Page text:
Effects of cultural background on test scores in severe traumatic brain injury

A. J. Walker, J. Batchelor, E. A. Shores, M. P. Jones

Research output: Contribution to journalMeeting abstractResearch

Abstract

The relationship between cultural and linguistic background and neuropsychological test performances was examined in a convenience sample of people sustaining severe to extremely severe traumatic brain injury (TBI). Three groups were compared: (1) monolingual English speaking (N=152), (2) culturally and linguistic diverse background (CALD) educated in Australia (N=35) and (3) CALD and educated in a non-English speaking country (N=37). Those still in posttraumatic amnesia (PTA), more than 2 years post-injury, with prior TBI, or showing insufficient effort were excluded. Groups were not different in years of education, PTA duration or compensation status. On most tests the monolingual English speaking group performed highest and CALD educated in a non-English speaking country lowest, with CALD educated in Australia in between. After adjusting p-value for multiple comparisons, people educated in a non-English speaking country performed at a significantly lower level on WAIS-III indices (PIQ, POI), some WAIS-III subtests and Wisconsin Card Sorting Test (perseverative errors). Effects of cultural background were less prominent on tests of new learning and memory. The results are discussed with respect to the effects of acculturation including context of education on test scores and implications for clinical neuropsychological practice.

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Linguistics
Amnesia
Education
Acculturation
Neuropsychological Tests
Traumatic Brain Injury
Learning
Wounds and Injuries

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@article{1b04fe8a83684ccfb356a7dd720d23a2,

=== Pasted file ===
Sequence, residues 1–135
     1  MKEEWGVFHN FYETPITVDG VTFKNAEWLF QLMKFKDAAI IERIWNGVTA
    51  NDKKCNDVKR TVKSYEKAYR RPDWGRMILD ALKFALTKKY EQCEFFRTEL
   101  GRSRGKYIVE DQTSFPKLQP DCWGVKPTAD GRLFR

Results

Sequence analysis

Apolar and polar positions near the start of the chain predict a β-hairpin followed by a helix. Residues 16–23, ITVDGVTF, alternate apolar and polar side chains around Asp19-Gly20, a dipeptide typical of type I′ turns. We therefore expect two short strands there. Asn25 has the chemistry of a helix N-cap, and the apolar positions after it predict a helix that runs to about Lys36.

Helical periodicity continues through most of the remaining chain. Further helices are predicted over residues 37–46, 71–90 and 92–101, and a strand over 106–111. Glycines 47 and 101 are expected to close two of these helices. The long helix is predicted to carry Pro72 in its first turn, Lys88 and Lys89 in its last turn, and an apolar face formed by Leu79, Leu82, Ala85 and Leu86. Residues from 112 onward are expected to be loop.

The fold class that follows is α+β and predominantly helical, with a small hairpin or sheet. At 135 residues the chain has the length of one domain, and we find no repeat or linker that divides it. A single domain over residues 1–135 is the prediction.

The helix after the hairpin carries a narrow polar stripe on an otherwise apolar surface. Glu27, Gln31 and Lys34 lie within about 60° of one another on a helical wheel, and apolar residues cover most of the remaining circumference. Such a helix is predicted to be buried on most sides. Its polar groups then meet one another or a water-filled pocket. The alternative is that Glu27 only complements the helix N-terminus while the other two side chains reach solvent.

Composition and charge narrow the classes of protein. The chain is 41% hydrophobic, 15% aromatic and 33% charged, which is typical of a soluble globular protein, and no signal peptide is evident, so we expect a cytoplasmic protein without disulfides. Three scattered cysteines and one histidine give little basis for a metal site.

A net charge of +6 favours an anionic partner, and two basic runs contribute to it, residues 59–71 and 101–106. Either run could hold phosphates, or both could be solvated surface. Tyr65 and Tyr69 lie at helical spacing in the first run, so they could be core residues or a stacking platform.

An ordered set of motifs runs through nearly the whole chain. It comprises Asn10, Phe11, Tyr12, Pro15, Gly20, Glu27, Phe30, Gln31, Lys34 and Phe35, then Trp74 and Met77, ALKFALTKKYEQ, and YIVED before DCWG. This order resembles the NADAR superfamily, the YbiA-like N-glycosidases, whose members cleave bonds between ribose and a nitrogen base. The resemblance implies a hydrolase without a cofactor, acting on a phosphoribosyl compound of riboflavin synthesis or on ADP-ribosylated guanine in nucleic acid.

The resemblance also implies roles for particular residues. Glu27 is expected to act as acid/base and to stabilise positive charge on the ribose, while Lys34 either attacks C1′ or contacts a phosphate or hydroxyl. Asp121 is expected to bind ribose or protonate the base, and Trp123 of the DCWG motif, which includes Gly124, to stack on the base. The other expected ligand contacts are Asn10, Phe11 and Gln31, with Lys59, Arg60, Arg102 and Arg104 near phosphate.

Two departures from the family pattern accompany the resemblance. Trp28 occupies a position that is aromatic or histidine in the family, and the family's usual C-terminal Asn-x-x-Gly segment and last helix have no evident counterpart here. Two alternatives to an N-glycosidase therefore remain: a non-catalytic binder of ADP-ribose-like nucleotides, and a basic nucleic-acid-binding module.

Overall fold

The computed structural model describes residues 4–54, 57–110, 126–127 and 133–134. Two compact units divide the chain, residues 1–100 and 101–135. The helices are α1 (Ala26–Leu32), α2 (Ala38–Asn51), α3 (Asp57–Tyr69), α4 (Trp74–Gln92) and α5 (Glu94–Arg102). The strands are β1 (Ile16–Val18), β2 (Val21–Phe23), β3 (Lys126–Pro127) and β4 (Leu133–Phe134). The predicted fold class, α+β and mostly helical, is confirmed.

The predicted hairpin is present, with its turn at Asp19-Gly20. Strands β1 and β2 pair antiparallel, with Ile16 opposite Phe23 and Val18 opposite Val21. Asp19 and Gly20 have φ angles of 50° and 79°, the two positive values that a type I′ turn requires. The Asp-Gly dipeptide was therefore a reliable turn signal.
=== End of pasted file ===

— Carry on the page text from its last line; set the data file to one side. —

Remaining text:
title = "Effects of cultural background on test scores in severe traumatic brain injury",
abstract = "The relationship between cultural and linguistic background and neuropsychological test performances was examined in a convenience sample of people sustaining severe to extremely severe traumatic brain injury (TBI). Three groups were compared: (1) monolingual English speaking (N=152), (2) culturally and linguistic diverse background (CALD) educated in Australia (N=35) and (3) CALD and educated in a non-English speaking country (N=37). Those still in posttraumatic amnesia (PTA), more than 2 years post-injury, with prior TBI, or showing insufficient effort were excluded. Groups were not different in years of education, PTA duration or compensation status. On most tests the monolingual English speaking group performed highest and CALD educated in a non-English speaking country lowest, with CALD educated in Australia in between. After adjusting p-value for multiple comparisons, people educated in a non-English speaking country performed at a significantly lower level on WAIS-III indices (PIQ, POI), some WAIS-III subtests and Wisconsin Card Sorting Test (perseverative errors). Effects of cultural background were less prominent on tests of new learning and memory. The results are discussed with respect to the effects of acculturation including context of education on test scores and implications for clinical neuropsychological practice.",
author = "Walker, {A. J.} and J. Batchelor and Shores, {E. A.} and Jones, {M. P.}",
year = "2007",
language = "English",
volume = "59",
pages = "230",
journal = "Australian Journal of Psychology",
issn = "0004-9530",